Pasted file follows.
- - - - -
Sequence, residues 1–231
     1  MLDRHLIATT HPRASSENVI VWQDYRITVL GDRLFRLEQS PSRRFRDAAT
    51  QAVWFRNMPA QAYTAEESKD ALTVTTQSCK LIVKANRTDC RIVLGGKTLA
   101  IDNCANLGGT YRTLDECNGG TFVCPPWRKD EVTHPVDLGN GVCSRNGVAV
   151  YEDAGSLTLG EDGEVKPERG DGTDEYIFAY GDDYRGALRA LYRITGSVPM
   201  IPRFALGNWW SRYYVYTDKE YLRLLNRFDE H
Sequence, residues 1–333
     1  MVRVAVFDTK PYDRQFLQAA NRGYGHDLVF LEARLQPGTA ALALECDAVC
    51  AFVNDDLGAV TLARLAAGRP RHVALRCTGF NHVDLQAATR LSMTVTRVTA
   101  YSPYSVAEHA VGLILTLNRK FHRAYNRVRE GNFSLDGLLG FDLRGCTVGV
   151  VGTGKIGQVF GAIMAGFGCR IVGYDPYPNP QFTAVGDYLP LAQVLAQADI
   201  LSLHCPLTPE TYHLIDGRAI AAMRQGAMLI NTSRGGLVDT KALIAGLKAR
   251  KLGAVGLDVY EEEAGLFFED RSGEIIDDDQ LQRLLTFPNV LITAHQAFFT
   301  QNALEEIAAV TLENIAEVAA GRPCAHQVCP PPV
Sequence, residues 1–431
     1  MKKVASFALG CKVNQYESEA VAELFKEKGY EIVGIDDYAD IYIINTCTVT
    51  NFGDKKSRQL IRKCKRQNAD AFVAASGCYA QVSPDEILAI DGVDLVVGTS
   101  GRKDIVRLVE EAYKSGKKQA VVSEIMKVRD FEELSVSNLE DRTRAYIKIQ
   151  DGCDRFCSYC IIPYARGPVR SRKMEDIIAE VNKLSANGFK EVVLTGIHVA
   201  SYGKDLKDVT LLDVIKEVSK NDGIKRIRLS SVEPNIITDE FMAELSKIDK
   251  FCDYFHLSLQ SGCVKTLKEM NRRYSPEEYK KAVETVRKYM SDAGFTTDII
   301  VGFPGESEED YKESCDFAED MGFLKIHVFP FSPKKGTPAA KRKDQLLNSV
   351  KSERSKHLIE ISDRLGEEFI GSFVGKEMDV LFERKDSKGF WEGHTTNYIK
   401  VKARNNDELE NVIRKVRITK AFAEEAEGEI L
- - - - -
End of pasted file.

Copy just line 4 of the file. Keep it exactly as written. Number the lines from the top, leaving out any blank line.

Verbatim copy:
   101  IDNCANLGGT YRTLDECNGG TFVCPPWRKD EVTHPVDLGN GVCSRNGVAV